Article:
39 © Market Street Services, Inc Reprints permitted with attribution Seven Guidelines for Local Economic Development I. Know Your Economic Function in the Global Economy II. Create a Skilled Workforce III. Invest in Infrastructure For Innovation IV. Create a Great Quality of Life V. Foster an Innovative Business Climate VI. Reinvent and Digitize Government VII. Take Regional Governance Seriously Source: Progressive Policy Institute

40 © Market Street Services, Inc Reprints permitted with attribution Economic Development Strategy Enterprise/Small Business Development Existing Business and Industry Services/ Procurement Tourism/Film Development/Product Development Downtown/Main Street/Historic Preservation International/Trade/Export Quality Recruitment/ Commercial/ Industrial Sports/Recreation/Culture Minority Business Development

41 © Market Street Services, Inc Reprints permitted with attribution What I See – October 2003 This is not the 1990s, and they will never be back. Regional economy continues to struggle, but the bleeding is slowing. Number and size of projects down sharply - some projects in logistics, transportation, automotive, and financial services. Some signs of new business investment; further delays in final decisions. GNP numbers look better for 4 th Quarter. Consumer confidence returned to its lowest level since October 1993 in September, dipping 5 points from August.

42 © Market Street Services, Inc Reprints permitted with attribution What I See – October 2003 Bankruptcies are up and small business starts are down. The stock market has lost approximately $6.0 trillion in value since January In many areas, the job creation leader has been the federal government. State budgets will get worse; no real improvement should occur this year. The short-term question marks are the aftermath of the war with Iraq, the Middle East and dealing with North Korea.

43 © Market Street Services, Inc Reprints permitted with attribution Actions for this Economy 1. Concentrate on improving the quality of the workforce – it is and will remain the #1 issue in economic development; 2. Nurture existing business – create technology-based system for growth companies/businesses…dont waste time; 3. Support entrepreneurship in new ways – cultural issue; 4. Recruit carefully and smart, based on asset advantages and existing connections – clear strategy for each cluster or area of emphasis; 5. Look for overlooked assets and opportunities – multiple strategies are key; 6. Marketing reality –quality website and personal relationships are the necessities; and 7. Remember Quality of Life is very important and it is an individual choice.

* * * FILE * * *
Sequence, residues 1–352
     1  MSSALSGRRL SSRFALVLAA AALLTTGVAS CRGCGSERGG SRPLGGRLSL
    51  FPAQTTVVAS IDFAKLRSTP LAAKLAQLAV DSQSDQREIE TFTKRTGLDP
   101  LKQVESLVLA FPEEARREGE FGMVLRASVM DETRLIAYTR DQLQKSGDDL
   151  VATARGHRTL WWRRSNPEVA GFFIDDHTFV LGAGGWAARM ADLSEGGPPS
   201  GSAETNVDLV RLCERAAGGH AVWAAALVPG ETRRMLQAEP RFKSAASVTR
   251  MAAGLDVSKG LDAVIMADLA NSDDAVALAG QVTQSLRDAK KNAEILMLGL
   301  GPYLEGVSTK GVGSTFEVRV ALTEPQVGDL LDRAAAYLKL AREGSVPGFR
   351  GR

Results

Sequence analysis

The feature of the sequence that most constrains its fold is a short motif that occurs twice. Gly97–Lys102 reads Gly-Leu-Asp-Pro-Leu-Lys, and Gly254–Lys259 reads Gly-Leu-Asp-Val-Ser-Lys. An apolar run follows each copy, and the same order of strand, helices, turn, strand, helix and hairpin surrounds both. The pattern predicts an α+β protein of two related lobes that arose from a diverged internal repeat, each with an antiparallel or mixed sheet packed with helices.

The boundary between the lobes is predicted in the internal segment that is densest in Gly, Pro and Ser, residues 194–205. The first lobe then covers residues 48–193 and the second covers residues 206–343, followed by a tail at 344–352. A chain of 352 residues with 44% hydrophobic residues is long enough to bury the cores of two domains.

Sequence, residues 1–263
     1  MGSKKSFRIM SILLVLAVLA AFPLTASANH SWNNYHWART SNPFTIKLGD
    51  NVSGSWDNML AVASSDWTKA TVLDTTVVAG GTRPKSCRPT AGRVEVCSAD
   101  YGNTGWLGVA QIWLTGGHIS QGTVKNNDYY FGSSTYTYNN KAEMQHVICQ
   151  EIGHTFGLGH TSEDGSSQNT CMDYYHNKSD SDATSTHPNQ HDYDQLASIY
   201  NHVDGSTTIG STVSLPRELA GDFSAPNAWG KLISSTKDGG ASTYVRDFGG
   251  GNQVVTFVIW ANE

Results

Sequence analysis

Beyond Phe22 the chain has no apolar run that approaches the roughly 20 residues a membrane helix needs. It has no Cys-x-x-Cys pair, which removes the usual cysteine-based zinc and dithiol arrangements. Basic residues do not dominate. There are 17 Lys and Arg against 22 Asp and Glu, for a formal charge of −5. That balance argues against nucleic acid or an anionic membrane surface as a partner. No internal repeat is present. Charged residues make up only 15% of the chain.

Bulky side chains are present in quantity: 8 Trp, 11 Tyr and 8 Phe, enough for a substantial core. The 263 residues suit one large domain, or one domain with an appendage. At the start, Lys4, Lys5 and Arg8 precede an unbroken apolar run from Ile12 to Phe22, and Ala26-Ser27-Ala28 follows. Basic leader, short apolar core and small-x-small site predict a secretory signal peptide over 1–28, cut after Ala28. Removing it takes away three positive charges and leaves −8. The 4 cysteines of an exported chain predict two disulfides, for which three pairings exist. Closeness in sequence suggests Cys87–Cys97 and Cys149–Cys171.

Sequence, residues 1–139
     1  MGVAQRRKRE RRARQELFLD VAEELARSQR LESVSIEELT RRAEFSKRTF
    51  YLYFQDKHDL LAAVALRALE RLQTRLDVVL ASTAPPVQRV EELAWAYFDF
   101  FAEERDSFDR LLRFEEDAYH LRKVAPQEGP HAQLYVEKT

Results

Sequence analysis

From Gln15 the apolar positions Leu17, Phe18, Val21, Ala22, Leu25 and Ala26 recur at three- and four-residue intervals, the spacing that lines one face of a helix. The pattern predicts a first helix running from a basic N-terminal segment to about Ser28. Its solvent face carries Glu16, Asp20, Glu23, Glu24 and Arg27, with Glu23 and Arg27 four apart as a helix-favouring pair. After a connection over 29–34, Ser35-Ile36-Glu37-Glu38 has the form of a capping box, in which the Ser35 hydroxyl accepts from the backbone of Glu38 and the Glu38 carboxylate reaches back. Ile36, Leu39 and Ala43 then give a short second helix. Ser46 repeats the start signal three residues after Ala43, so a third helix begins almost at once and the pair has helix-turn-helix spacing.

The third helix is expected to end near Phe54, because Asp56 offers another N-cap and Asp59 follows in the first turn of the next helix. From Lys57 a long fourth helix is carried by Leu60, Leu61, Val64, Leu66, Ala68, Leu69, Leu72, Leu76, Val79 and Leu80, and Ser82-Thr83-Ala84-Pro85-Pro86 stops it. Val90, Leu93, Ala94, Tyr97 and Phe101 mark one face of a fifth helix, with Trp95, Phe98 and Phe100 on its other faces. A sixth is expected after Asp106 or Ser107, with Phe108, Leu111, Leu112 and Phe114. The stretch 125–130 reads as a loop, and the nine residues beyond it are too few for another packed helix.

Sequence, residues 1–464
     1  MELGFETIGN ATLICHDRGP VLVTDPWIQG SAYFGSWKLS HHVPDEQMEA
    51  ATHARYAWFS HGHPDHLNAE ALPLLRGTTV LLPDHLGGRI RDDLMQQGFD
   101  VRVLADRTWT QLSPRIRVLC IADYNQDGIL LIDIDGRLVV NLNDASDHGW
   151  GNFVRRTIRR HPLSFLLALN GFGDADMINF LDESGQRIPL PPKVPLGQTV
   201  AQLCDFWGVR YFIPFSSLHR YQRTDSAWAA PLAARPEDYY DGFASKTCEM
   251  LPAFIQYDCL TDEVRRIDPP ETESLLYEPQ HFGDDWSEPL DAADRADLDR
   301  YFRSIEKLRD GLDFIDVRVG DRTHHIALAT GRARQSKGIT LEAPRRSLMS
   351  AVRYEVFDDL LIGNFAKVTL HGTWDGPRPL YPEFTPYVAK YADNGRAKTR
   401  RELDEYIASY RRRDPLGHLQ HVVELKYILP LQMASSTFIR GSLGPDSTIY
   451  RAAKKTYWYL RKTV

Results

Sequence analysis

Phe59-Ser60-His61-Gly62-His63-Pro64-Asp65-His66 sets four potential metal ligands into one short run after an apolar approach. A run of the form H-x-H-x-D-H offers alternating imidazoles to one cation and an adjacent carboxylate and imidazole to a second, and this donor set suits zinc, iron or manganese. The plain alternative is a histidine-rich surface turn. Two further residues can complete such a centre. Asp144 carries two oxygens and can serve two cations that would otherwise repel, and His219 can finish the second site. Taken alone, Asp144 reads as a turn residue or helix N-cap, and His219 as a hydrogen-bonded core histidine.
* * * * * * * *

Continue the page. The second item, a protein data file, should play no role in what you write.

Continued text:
44 © Market Street Services, Inc Reprints permitted with attribution We are in uncharted waters. In what sector of the economy can we find a driver for recovery – and how do we make it happen? We are at a loss. Gary Shoesmith Center for Economic Studies, Wake Forest University December 2002

45 © Market Street Services, Inc Reprints permitted with attribution What do we really want? What kind of life – and what kind of society – do we want to bequeath to coming generations? To purposefully address it we must harness all of our intelligence, our energy and most important, our awareness. The task of building a truly creative society is not a game of solitaire. This game, we play as a team. Richard Florida The Rise of the Creative Class

46 © Market Street Services, Inc Reprints permitted with attribution Southwest Virginia Economic Development Summit Facing Todays Realities and Challenges October 23, 2003 Presented By: J. Mac Holladay Market Street Services, Inc.